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Local News Can Be For The People Even If It’s Not By The People

I don’t know if Timothy Burke is going to save journalism, let alone democracy, but the spooky video he made for Deadspin at the end of March racked up 30 million views within a week and got the country gasping at Sinclair Broadcast Group’s fake anti-fake-news campaign.

Burke, though, will need to pit what he calls his “weird dumb shit” against $5 billion of advertising revenue to stand a fighting chance of saving the American media from itself.

If you haven’t seen the video, have a look. It’s a mashup of anchors from Sinclair stations around the country forced by their corporate overlords to read a script that Russian trolls, or Orwell, might have written:

“Hi, I’m (A) ______, and I’m (B) _____…. Unfortunately, some members of the media use their platforms to push their own personal bias and agenda to control ‘exactly what people think’…. This is extremely dangerous to a democracy.”

Burke’s viral video threw attention on Sinclair’s buyout of Tribune Media, now pending at the FCC. With its 173 stations, already the nation’s biggest chain, Sinclair’s $4 billion play for dozens of Tribune stations would extend its reach to 72% of TV households.

It’s our decision. Should we really entrust them with that power?

But even if Sinclair weren’t committing what Philly Inquirer columnist Will Bunch calls “apocalyptic zombie journalism,” even if it owned 50 stations instead of 200, the role that local TV news could play in hastening democracy’s twilight would still be worth freaking out about.

You may not watch local TV news much, or at all. But 25 million Americans do watch it nightly, which is 10 times more primetime viewers than Fox News gets, 13 times more than MSNBC and nearly 25 times more than CNN. At the same time, 85% of Americans say they trust the information they get from local news outlets “some” or “a lot”; only 35% say that about social media like Facebook and Twitter.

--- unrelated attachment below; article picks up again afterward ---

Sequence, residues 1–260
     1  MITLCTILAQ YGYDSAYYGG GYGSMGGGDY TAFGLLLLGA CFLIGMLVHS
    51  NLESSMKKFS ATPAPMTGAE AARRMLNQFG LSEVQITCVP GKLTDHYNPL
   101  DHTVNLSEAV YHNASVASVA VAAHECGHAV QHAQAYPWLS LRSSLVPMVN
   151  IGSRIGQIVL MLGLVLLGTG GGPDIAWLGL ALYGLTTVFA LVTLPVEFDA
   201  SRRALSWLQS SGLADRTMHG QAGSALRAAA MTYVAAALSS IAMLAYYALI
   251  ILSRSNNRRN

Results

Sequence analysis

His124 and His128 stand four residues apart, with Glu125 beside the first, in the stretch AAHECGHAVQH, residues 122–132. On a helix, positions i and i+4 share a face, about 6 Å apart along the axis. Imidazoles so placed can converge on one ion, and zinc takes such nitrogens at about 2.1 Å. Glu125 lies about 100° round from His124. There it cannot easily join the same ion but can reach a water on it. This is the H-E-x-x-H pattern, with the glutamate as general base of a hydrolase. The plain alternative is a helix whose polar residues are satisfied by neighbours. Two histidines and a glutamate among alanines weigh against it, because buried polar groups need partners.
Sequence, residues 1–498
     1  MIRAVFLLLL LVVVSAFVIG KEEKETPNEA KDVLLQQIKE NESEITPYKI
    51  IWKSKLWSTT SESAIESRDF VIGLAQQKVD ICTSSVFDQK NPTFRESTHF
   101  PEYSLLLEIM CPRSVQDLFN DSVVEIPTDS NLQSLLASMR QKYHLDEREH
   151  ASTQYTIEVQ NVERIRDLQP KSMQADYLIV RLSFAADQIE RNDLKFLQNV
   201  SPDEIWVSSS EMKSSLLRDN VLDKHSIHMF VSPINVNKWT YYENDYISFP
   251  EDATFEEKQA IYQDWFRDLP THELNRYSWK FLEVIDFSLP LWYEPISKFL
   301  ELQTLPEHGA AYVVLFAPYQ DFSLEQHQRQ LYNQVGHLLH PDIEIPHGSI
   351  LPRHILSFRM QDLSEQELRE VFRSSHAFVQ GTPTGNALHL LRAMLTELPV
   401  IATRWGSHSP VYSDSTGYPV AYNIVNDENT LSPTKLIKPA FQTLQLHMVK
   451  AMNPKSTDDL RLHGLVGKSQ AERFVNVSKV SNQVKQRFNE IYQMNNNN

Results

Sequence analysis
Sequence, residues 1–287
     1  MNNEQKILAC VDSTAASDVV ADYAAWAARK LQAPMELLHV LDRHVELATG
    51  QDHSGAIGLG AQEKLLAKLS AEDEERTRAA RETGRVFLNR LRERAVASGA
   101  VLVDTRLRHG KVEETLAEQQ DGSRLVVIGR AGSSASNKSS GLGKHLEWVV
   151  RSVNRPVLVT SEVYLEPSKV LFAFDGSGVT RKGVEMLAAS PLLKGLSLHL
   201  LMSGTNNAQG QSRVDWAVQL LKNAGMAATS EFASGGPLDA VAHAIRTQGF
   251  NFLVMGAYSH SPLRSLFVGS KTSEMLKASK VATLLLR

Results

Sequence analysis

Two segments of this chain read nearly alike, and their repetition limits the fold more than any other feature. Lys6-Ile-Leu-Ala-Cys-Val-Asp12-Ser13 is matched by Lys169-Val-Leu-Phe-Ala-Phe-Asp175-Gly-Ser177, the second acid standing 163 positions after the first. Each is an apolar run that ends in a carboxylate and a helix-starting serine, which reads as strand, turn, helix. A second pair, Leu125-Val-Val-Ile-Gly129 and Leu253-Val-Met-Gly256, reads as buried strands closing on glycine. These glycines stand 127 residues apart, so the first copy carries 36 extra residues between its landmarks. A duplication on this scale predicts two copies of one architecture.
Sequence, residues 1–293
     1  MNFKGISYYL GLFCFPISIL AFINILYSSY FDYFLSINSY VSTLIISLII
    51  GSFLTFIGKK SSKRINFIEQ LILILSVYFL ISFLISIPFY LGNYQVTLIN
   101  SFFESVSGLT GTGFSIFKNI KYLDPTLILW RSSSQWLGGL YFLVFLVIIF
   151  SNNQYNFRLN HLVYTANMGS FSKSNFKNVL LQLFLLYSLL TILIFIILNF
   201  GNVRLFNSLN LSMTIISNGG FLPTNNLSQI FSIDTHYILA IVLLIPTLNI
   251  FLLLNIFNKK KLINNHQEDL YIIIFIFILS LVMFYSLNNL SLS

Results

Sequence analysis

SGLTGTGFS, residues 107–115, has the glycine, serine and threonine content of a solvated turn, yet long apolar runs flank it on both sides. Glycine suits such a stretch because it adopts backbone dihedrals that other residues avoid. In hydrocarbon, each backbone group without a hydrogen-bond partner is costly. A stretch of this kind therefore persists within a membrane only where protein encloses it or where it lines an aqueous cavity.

What’s on local news? Its business model — advertising — drives everything else. In the 1970s, when broadcast networks discovered that news could be a profit center like their entertainment divisions, an industry of local TV consultants sprang up. Their message to news directors and general managers: Politics is ratings poison. Stations listened. By 1998, when my USC colleague Matt Hale and I measured how much coverage California stations gave to that year’s gubernatorial race, the answer was less than one-half of 1% of their news time — hardly enough to clear your throat. News may be a profit center, but news about policy? Not so much.

In the years that followed, we studied stations all over the country. Here’s one grim finding: In a typical half-hour of LA local news, coverage of city and county government — stories like education, transportation, health care, immigration, law enforcement, the budget, new ordinances and voting procedures — all together amounted to 22 seconds. On the other hand, crime stories took up almost 3 minutes, and almost invariably at the top of the broadcast. So crime 10%, local politics 1%. “If it bleeds, it leads” is an iron law of ratings, and not just in LA.

The picture of our world that local TV news paints has mean streets. People are victims, not citizens. Deliberation bores them; conflict rocks, That the filter bubble inhabited by 25 million Americans. When politics penetrate, it’s as poli-tainment — a reality soap delivering eyeballs to advertisers. That’s how Sinclair’s home office reframes politics: Self-government as outrage theater.